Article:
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If you use Real Studio Web Edition right now the contents of your app are invisible to Google. I think a lot of people are using WE for internal projects or for apps that need a user to log in before anything useful is available.
If you use Real Studio and are a blogger, the fine folks over at Figa Labs have (re?) released a for WordPress that formats your REALbasic code properly in WordPress. This is a very nice plugin and is apparently based the PHP code of an old Real Studio employee. So now your code snippets go from this: Function Ask(instructions as string, byref initialtext as String, bPassword as boolean = false, w as Window) As Boolean stInstructions.text = instructions efText.Password = bPassword efText.text = initialtext efText.SelectAll if w = nil then self.ShowModal else self.ShowModalWithin w end if bSave then initialtext = efText.text return bSave End Function To this. Function Ask(instructions as string, byref initialtext as String, bPassword as boolean = false, w as Window) As Boolean stInstructions.text = instructions efText.Password = bPassword efText.text = initialtext efText.SelectAll if w = nil then self.ShowModal else self.ShowModalWithin w end if bSave then initialtext = efText.text return bSave End Function The only tricky part it remembering the shortcodes, which isn’t really all that hard. ““rbcode”” starts the formatting and ““/rbcode”” ends it (remove the quotes to actually get it to work).
Ideally I’d love to have a button that lets me do format the code without having to remember the shortcodes but hey, life isn’t perfect. Happy coding, and blogging! Posted inTagged. A couple people have asked me already asking if I will be doing a review of REAL Studio 2010 Release 5 (which was released this week). The answer is, yes, of course. However, I will be waiting until R5.1 for the full review since RS has already stated it is coming. I’ll share some initial thoughts on R5:.
Web Edition is interesting but it is only a 1.0 product. There are more than a few quircks yet to be worked out from top to bottom and thus I can’t really recommend it for clients – yet. I’m working on a major project using Web Edition. For the most part it’s just like making desktop apps except the controls and events are slightly (if not irritatingly) different.
Unlearning 10 years of REALbasic habits is going to take a while since some things just aren’t possible right now (e.g. Web page constructors don’t work quite the same way as they do in desktop apps). I’m disappointed that RS does not have some good web app examples running on their website (or any website) by now. This is the message it sends to potential users: “Hey, look at this nifty new development tool for web apps. It works even though we’re not showing anything on our website! You’re going to love it!”.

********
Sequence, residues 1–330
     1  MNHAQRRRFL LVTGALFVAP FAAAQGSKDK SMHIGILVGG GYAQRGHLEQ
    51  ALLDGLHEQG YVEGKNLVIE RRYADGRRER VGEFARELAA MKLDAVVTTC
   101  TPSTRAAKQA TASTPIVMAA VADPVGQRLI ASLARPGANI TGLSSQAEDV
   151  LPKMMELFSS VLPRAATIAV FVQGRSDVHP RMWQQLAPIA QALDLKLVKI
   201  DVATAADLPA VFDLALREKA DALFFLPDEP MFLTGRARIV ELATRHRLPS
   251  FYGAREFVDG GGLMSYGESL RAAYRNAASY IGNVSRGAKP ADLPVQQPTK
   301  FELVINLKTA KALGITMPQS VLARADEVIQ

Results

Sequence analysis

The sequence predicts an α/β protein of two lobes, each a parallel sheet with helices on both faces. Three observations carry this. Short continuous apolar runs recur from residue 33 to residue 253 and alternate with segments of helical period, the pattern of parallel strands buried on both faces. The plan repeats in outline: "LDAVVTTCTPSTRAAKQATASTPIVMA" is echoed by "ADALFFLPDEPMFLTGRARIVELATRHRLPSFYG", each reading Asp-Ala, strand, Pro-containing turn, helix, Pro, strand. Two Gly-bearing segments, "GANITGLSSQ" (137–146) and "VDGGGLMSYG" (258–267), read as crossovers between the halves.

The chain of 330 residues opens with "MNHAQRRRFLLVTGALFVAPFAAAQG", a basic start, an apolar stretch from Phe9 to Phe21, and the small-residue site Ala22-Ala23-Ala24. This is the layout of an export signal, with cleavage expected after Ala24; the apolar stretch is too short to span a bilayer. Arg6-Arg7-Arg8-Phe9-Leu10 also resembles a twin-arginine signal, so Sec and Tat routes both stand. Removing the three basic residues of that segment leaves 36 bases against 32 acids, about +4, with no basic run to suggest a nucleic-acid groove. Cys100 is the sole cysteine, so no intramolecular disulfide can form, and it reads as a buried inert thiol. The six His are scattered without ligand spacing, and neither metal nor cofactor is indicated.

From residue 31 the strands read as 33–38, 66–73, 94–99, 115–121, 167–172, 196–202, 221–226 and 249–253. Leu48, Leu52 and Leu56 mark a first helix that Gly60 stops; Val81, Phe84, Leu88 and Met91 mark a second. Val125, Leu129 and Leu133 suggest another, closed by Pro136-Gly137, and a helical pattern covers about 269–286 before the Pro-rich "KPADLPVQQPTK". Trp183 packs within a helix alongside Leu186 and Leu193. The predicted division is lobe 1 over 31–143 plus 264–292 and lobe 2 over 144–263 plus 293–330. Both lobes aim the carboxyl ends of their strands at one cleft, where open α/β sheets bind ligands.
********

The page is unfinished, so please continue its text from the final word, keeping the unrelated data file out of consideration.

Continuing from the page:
If you’re looking for something new or impressive for either desktop apps or more news on Cocoa then I’d say talk to me in 2011. Anyway, more in-depth review and news when R5.1 comes out. Posted inTagged. The and are hosting a in Atlanta in March 2011. The window to select speakers is about to close!
If you’re interested in speaking at the conference, I recommend you take a look at the page on the ARBP site and sign up as soon as possible. With this weeks major announcement from REAL Software about the new, I know we’ll have at least one session at the conference devoted to it! REAL Software confirmed this with me this afternoon.
So why go to conferences? Good question. Here’s a decent video about meeting folks in REAL Life: This video is about South by Southwest, but you get the point – the reasons are all valid for the REAL Studio Summit. Many of the people I’ve met at the old REAL World conferences have become friends and I value that friendship greatly. Without the REALbasic conferences I would not have made these friends. Without the conferences there would not be an ARBP organization (which in turn would mean no more conferences).
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I hope that you seriously consider the conference and if you have something to share I encourage you to sign up as a speaker. Please do it quickly as we need to start making decisions on sessions.
Posted inTagged. REAL Software yesterday that REAL Studio 2010 Release 4 will no longer be actively supporting the PowerPC (PPC) framework. This really means that only major bug fixes will be done to the PowerPC framework and nothing new will be added to it.
At the 2005 World Wide Developers conference Apple announced the move to Intel and many people were shocked that they would give up the PowerPC line of chips they spent a decade promoting as being better than their Intel counterparts. Intel was the future and blah, blah, blah. Many people said the Reality Distortion Field was on full blast.